Earth Notes: Watering Fields with the Sun

Jun 18, 2014

The Verde Valley, watered by the Verde River, is named for the ultra-green cast it gives to central Arizona’s desert.

Solar-powered automated headgates on the Verde River.
Credit Courtesy photo

Though the river flows through the heart of the valley, water isn’t abundant. But, there is lots of sunshine. Recognizing that reality, Kim Schonek is helping valley farmers put the sun to work to deliver water more efficiently to fields.

Schonek, Verde River Project Manager for the Nature Conservancy, saw that more water was sometimes being diverted from the river than was actually needed for crops and landscaping. That meant parts of the river went dry, or nearly so—not a good thing for fish, or otters or beavers or birds.

She began working with local irrigation companies to purchase and install solar-powered headgates on ditches. Small photovoltaic units are now on four main ditches around Camp Verde, generating electricity to power a motor that raises and lowers the metal gates on the canals.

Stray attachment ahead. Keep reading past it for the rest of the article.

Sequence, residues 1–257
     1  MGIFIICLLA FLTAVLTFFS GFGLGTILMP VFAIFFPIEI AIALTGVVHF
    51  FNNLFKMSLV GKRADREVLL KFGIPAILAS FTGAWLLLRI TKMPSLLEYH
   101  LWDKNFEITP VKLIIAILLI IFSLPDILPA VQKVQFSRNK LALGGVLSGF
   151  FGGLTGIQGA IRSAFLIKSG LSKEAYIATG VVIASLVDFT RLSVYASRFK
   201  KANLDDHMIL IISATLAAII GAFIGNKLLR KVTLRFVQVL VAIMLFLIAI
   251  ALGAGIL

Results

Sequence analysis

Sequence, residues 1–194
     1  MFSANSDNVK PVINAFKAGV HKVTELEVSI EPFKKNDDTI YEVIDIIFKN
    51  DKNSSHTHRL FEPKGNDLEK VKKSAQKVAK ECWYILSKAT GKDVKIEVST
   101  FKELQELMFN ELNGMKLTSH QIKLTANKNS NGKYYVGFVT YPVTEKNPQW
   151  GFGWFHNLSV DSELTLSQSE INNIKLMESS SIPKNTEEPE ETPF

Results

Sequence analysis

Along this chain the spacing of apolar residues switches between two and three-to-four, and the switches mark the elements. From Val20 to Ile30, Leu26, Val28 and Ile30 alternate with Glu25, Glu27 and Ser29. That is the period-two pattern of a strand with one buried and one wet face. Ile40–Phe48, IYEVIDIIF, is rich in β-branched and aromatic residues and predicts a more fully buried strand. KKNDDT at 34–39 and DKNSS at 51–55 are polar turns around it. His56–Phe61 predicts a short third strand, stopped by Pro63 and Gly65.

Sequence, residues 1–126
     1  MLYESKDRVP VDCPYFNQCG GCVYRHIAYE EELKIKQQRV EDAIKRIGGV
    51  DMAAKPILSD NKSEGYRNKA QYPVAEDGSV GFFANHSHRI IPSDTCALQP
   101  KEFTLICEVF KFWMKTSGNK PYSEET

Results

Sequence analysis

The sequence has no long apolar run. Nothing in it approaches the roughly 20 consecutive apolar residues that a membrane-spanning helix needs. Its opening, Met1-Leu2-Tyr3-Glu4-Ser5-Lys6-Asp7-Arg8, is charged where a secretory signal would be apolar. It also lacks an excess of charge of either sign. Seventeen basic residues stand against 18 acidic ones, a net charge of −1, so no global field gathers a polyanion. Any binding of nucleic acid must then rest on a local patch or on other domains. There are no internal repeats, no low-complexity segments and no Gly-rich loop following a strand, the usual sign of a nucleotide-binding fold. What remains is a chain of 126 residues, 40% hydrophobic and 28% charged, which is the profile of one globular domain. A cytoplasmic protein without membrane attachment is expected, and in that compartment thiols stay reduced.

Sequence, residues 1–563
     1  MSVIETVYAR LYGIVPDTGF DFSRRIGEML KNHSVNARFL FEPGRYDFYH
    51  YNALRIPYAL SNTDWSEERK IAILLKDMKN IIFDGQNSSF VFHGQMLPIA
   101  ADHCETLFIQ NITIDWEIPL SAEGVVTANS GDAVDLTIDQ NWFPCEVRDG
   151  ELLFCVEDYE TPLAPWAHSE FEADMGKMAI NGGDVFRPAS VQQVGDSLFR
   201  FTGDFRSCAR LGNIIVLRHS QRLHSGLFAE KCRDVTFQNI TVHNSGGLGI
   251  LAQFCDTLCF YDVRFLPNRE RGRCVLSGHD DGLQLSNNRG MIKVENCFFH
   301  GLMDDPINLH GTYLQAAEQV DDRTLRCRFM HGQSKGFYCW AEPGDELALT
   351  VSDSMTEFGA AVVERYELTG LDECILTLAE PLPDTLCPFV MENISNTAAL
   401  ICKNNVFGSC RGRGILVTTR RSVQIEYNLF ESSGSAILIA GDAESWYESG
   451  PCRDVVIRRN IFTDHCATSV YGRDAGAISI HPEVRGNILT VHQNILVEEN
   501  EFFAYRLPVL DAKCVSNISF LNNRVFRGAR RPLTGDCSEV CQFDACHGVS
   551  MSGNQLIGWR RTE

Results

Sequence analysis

The system is automated, so a ditch boss, the overseer of water deliveries, can operate it with a cell phone. “It’s a lot easier to push a button,” says Schonek, “than turn the wheel on a heavy metal gate.“ The system keeps irrigation flows at a constant volume, and assures that the right amount of water is delivered.

Solar-powered headgates aren’t new technology, but applying them for conservation purposes is new, she says. If they work as well as intended, they will help keep the “green” in the Verde.